Letters: Trump’s ongoing scandals and those that follow

A short synopsis of some of the more outrageous scandals that have occurred in the past three years are the president’s campaign role in Russian interference in the 2016 election, the president’s attempt to leverage military aid against the Russian invasion of eastern Ukraine, the subsequent impeachment of the president for this unconstitutional attempt, the president’s unconstitutional order to stop any visitors/immigrants from the US-based upon their Muslim religion, the separation and isolation in cages of children as young as 2 years old from their parents while sending their parent(s) away to distant destinations and the subsequent inability to reunite separated children to their parents; the president’s support of Vladimir Putin’s denial of interference in US election in spite of all US intelligent agencies who provided him with information to the contrary, well over 20,000 lies told by the president, lying about the seriousness of COVID, the use of masks, the irresponsible advocation of harmful drugs to treat COVID while tens of thousands of Americans died because of his advise; the president’s unwillingness and irresponsibility to use the power and authority of his office and American government to protect Americans from this virus; the presidents’ nonresponse to Putin’s bounty on American soldiers in Afghanistan and Iraq; and the president’s disrespect to John McCain, Gold Star parents, and men and women in the military.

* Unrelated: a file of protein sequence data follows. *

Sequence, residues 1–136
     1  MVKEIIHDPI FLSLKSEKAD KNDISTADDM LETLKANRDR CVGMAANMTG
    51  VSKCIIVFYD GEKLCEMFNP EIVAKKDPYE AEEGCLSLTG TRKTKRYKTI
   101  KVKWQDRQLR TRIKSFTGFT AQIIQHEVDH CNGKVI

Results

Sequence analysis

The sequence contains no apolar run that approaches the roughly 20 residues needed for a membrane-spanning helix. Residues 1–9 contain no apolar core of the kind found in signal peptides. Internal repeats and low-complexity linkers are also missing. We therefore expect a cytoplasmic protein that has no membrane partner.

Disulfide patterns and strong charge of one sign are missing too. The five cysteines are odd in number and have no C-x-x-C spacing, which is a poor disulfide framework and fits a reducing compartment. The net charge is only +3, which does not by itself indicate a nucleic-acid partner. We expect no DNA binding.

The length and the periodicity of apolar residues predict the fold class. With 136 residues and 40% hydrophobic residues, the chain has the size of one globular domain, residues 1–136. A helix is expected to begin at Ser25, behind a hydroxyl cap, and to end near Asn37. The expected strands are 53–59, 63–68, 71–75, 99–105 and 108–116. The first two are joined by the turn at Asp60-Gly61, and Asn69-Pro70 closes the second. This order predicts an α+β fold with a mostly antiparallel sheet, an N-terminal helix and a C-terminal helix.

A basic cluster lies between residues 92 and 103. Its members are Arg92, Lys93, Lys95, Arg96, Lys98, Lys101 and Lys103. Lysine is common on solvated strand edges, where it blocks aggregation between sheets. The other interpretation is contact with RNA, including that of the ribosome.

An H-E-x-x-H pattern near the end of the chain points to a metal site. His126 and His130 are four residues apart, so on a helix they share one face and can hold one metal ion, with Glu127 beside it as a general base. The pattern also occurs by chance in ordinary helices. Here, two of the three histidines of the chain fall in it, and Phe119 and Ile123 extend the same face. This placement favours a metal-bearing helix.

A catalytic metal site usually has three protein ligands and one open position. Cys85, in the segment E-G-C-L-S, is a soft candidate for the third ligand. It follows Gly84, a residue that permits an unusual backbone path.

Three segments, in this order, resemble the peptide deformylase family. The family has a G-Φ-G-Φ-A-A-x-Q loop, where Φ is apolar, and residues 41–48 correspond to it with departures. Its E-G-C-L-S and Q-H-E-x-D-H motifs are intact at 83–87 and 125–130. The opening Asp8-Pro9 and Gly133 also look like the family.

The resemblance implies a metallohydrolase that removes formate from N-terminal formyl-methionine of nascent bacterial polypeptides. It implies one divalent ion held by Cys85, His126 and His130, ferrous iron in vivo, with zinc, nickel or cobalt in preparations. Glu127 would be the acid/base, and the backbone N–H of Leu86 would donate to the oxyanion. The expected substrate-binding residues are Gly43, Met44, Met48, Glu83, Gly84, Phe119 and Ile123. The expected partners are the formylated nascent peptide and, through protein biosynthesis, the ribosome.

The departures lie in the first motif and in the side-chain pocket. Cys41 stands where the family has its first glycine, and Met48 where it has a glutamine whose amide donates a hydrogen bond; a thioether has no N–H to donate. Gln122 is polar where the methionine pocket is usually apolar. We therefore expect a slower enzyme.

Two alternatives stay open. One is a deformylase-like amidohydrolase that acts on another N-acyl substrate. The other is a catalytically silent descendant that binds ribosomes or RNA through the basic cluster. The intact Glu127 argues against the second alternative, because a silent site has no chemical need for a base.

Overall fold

There are more, but here is the point.

The president could not have done any of these actions by himself. As been said before by Sir. Edmond Burke, John Stuart Mill, and John F. Kennedy: ‘The way for evil to prosper is for good men to do nothing’. Trump had help from many others, but especially members of the Republican Party who could have intervened, advised, or influenced the President to make better decisions to help protect American citizens.

The most glaring example of the sycophants that followed along for the fleeting power and influence that closeness to President Trump provides are Senator Steve Daines, Congressman Greg Gianforte, and Montana State Auditor Matt Rosendale. Each one of them could have spoken out, showed some courage, and convinced the people of Montana that they did not approve of what the President was doing.

Which leads me to the only conclusion: either they agreed with what the president was doing or they were too afraid to say something. Either way, none of these men should be public servants for the cowardice and inability to defend our country’s ideals and the good people of Montana.

We deserve better.